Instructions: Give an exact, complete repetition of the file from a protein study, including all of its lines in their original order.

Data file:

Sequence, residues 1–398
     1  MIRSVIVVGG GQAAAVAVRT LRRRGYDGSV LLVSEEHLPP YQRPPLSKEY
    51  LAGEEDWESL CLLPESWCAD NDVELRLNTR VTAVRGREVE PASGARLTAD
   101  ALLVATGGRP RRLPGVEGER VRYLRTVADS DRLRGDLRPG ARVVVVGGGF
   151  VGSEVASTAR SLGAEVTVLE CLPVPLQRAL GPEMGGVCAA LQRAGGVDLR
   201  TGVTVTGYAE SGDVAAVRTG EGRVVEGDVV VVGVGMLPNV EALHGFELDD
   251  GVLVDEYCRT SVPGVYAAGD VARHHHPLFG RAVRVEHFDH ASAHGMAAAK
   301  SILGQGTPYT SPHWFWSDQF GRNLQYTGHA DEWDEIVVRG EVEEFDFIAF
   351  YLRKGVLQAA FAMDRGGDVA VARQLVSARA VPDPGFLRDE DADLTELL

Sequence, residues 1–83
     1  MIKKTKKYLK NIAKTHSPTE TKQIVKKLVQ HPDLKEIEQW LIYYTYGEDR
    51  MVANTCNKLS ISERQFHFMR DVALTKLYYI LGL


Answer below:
Sequence, residues 1–398
     1  MIRSVIVVGG GQAAAVAVRT LRRRGYDGSV LLVSEEHLPP YQRPPLSKEY
    51  LAGEEDWESL CLLPESWCAD NDVELRLNTR VTAVRGREVE PASGARLTAD
   101  ALLVATGGRP RRLPGVEGER VRYLRTVADS DRLRGDLRPG ARVVVVGGGF
   151  VGSEVASTAR SLGAEVTVLE CLPVPLQRAL GPEMGGVCAA LQRAGGVDLR
   201  TGVTVTGYAE SGDVAAVRTG EGRVVEGDVV VVGVGMLPNV EALHGFELDD
   251  GVLVDEYCRT SVPGVYAAGD VARHHHPLFG RAVRVEHFDH ASAHGMAAAK
   301  SILGQGTPYT SPHWFWSDQF GRNLQYTGHA DEWDEIVVRG EVEEFDFIAF
   351  YLRKGVLQAA FAMDRGGDVA VARQLVSARA VPDPGFLRDE DADLTELL

Sequence, residues 1–83
     1  MIKKTKKYLK NIAKTHSPTE TKQIVKKLVQ HPDLKEIEQW LIYYTYGEDR
    51  MVANTCNKLS ISERQFHFMR DVALTKLYYI LGL